I read in a book recently that no substance is ever totally pure, even if we take great care to separate it from other substances. And also that pure substances contain only one kind of matter. But I actually have some doubts related to both of the notes. I would rather number...

  1. Pure substances contain only one kind of matter? True for elements but what about compounds? Are compounds not pure substances? They are homogenous at composition, right?
  2. No substance is totally pure? Reactive elements are found in combined state, but what about less reactive or maybe radioactive?
  3. As well, can't we obtain any substance with 100% purity?

I did surf the questions but did not get any reasonable explanation. Also, please do correct me where I am wrong.

  • 1
    $\begingroup$ Colleagues, please don't close this question, I think it can be salvaged. $\endgroup$ Commented Sep 27, 2017 at 15:33
  • $\begingroup$ I don't know why should the question be closed? Anyways, thanks for the appeal $\endgroup$ Commented Sep 27, 2017 at 15:49
  • $\begingroup$ I think the main issue of the question is more semantic than chemical. Pure has different meanings depending on the context in which it is being used. $\endgroup$
    – Tyberius
    Commented Sep 27, 2017 at 15:59
  • $\begingroup$ @IvanNeretin It could be but all this was asked already. $\endgroup$
    – Mithoron
    Commented Sep 27, 2017 at 16:02
  • $\begingroup$ @Tyberius "Pure" is more or less well-defined. But "matter", it seems to me, is not. $\endgroup$ Commented Sep 27, 2017 at 16:04

2 Answers 2


Most of the issues can be resolved with precise definitions.

Let's start with purity. Purity is relative. In many cases (eg table salt) 99% is pure enough. What this means is that for all practical purposes we don't care about the remaining impurities. Chemists tend to describe something as "pure" when there is less of any contaminant than matters for what they are doing with the chemical. Sometimes purity of very high levels matters. Semiconductors behaviour depends on very precise doping with very small amounts of other substances. The wrong contaminant even at levels of 1 atom per million is a problem. So the industry have worked out good ways of making extremely pure silicon, for example. These techniques have been used to make some of the purest substances ever (the silicon sphere now being used to redefine the Kg is pure to parts per billion atoms.) Strictly speaking it isn't pure in the sense of having absolutely 100% of all its atoms as silicon, but that is as pure as it needs to be for its purpose. So, strictly, nothing is ever absolutely pure, but it doesn't matter.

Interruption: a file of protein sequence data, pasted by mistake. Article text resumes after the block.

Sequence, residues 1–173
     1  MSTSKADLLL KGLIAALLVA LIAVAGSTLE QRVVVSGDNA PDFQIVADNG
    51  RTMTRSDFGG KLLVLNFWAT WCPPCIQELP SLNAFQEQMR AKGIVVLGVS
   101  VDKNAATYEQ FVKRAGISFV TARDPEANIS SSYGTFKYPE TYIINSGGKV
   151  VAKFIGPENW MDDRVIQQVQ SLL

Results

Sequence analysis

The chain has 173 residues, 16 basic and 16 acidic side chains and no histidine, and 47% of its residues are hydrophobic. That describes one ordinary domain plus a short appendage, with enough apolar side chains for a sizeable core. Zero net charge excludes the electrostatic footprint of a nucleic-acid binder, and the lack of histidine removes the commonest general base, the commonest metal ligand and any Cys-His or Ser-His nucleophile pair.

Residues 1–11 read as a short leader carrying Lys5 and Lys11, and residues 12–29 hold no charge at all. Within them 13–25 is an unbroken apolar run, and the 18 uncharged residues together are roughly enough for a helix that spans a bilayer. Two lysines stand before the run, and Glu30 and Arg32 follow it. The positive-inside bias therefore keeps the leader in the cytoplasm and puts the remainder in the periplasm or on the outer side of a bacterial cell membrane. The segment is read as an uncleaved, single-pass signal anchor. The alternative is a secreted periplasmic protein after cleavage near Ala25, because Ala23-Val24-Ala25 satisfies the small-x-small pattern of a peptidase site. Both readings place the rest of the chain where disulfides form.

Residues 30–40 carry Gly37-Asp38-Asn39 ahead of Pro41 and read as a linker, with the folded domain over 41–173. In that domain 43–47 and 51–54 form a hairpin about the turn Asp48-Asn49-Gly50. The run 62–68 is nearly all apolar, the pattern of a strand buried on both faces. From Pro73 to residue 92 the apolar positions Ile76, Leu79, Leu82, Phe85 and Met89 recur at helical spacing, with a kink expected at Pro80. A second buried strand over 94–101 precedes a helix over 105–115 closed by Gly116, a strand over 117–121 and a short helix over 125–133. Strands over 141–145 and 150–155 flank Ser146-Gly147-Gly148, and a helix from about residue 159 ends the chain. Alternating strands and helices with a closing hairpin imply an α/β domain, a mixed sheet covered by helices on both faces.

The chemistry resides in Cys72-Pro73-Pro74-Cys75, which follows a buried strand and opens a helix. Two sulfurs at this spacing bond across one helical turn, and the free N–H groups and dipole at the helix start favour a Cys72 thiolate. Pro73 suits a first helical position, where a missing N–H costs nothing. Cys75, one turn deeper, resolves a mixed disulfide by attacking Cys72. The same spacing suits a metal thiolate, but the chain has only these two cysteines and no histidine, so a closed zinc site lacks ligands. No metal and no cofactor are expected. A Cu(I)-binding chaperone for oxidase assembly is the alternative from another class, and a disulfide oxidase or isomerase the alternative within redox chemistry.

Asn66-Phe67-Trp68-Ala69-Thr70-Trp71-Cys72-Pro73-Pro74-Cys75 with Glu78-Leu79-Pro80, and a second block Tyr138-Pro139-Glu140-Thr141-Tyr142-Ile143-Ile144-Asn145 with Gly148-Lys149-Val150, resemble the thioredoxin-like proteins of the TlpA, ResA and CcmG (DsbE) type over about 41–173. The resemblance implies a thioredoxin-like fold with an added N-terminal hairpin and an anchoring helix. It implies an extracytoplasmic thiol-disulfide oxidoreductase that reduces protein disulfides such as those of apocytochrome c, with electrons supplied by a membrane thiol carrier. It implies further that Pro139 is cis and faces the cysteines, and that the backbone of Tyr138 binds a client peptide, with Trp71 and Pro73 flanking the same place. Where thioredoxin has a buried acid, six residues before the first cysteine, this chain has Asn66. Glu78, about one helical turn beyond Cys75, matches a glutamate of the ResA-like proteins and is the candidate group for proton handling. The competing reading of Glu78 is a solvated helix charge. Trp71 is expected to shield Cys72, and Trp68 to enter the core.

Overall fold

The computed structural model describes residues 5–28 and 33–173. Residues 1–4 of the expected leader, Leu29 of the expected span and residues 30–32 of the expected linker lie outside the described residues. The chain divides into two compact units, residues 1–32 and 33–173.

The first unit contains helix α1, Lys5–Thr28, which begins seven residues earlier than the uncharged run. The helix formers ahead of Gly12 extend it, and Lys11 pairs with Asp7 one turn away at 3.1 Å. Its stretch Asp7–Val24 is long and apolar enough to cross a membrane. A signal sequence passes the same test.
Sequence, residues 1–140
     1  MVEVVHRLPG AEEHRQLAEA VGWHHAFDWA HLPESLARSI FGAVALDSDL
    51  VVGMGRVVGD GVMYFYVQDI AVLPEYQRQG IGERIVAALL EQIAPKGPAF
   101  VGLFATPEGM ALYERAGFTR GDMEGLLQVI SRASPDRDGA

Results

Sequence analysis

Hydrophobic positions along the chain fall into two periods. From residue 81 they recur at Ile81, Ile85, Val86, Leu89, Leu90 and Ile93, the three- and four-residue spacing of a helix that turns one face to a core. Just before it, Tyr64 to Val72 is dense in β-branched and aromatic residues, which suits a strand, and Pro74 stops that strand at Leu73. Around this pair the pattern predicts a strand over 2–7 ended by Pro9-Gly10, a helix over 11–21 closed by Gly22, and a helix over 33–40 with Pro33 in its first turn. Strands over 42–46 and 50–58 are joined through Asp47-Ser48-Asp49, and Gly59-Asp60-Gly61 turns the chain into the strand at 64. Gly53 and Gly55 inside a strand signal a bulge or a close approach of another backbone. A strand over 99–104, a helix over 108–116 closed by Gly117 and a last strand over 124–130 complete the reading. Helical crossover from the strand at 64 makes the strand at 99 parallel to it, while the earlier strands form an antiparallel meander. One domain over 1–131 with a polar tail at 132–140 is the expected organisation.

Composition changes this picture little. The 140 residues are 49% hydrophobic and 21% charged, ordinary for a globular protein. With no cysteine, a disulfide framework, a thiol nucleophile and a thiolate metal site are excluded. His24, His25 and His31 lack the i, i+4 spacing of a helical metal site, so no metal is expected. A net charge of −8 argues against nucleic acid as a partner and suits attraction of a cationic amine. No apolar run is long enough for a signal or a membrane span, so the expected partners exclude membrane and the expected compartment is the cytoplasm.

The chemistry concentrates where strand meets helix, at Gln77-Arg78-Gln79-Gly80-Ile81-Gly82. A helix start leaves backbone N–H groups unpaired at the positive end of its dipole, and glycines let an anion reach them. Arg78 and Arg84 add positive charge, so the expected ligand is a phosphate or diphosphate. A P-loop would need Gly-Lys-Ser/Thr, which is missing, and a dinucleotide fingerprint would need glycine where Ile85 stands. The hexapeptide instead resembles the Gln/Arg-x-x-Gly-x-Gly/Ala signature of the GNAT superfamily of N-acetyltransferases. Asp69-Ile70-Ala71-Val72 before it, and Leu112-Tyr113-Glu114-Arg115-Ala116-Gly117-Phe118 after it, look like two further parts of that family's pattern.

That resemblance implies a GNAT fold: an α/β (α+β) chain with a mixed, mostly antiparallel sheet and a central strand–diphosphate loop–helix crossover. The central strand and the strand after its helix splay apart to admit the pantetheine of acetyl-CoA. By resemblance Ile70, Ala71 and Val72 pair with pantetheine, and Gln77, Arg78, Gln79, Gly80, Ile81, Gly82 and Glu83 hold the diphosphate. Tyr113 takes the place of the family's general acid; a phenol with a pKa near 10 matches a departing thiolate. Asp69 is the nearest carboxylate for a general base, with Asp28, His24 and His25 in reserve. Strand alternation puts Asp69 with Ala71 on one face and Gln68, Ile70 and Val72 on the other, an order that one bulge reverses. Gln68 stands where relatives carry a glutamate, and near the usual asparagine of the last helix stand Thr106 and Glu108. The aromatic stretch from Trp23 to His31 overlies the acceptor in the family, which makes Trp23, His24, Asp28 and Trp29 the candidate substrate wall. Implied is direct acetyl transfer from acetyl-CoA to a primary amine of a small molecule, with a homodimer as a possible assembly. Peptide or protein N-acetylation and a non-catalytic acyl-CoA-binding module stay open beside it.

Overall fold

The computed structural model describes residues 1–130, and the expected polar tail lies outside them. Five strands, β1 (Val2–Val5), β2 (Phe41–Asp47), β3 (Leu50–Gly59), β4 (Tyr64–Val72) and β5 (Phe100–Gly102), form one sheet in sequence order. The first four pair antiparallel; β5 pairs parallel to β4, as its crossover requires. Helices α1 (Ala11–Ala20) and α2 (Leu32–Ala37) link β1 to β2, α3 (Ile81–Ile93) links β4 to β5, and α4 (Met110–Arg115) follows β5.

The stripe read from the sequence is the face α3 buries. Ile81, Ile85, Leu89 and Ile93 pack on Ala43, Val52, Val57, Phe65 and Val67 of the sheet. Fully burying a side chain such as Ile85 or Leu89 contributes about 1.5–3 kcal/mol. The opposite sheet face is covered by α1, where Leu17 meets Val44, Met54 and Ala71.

The word "substance" is a bit vague. In chemistry it could be a compound an not just an element. Purity for a compound means that all the molecules in the substance are the same (to the level of purity that matters). Having more than one type of atom doesn't make it impure as long as all the molecules are the same.

Then there are some homogeneous mixtures that are hard to separate by any simple means, some metal alloys for example. We wouldn't normally describe these as "impure" but chemists might use special terminology to describe them (alloy rather than compound for example).

And as for "Pure substances contain only one kind of matter" it depends what you mean by "matter". Chemists would prefer the term "molecule" to "matter". Matter can be interpreted different ways (does it mean atoms or molecules: it's unclear). "Pure substances contain only one kind of "molecule" would be an unambiguous statement chemists would agree with.

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    $\begingroup$ Nice answer. Well explained. As per the statement in the book, "matter" meant atom, but yes 'molecule' definitely seems unambiguous. That's why I needed to clear the confusions. And also the example of silicon sphere(new reference standard for kg) was so explaining. So, thanks for the answer. $\endgroup$ Commented Sep 28, 2017 at 2:18

The Wikipedia article might be a good reference to start.

  1. A pure substance cannot be separated by physical means. This means in principle, so if in practice, you cannot separate physically, but you theoretically could, that's still not a pure substance. A compound would then be pure because you cannot separate out its components by physical means.

  2. That's true, but "pure" here does not refer to purity as you using the word. It refers to purity of essence in that the substance is not constituted from multiple parts by simple mixing.

  3. We can't, but again, that's not what pure here is supposed to imply. Oxygen is a pure substance whether it's mixed or not because it is an element. A mixture of oxygen and something else is not pure because it is a physical mixture.

  • $\begingroup$ The first point made some of my points quite clear, driving out a new definition actually in a positive sense. Homogenous solutions, can theoretically, if not actually be separated by physical means. So, including that was reasonable. Thanks. $\endgroup$ Commented Sep 27, 2017 at 16:19
  • $\begingroup$ To really explain the OP's problem you need a number of very precisely worded definitions. You used substance, pure substance, components, multiple parts, and physical mixture for instance. $\endgroup$
    – MaxW
    Commented Sep 27, 2017 at 17:37
  • $\begingroup$ @MaxW OP seemed pretty clear on most terms, except for "pure." $\endgroup$
    – Zhe
    Commented Sep 27, 2017 at 18:06

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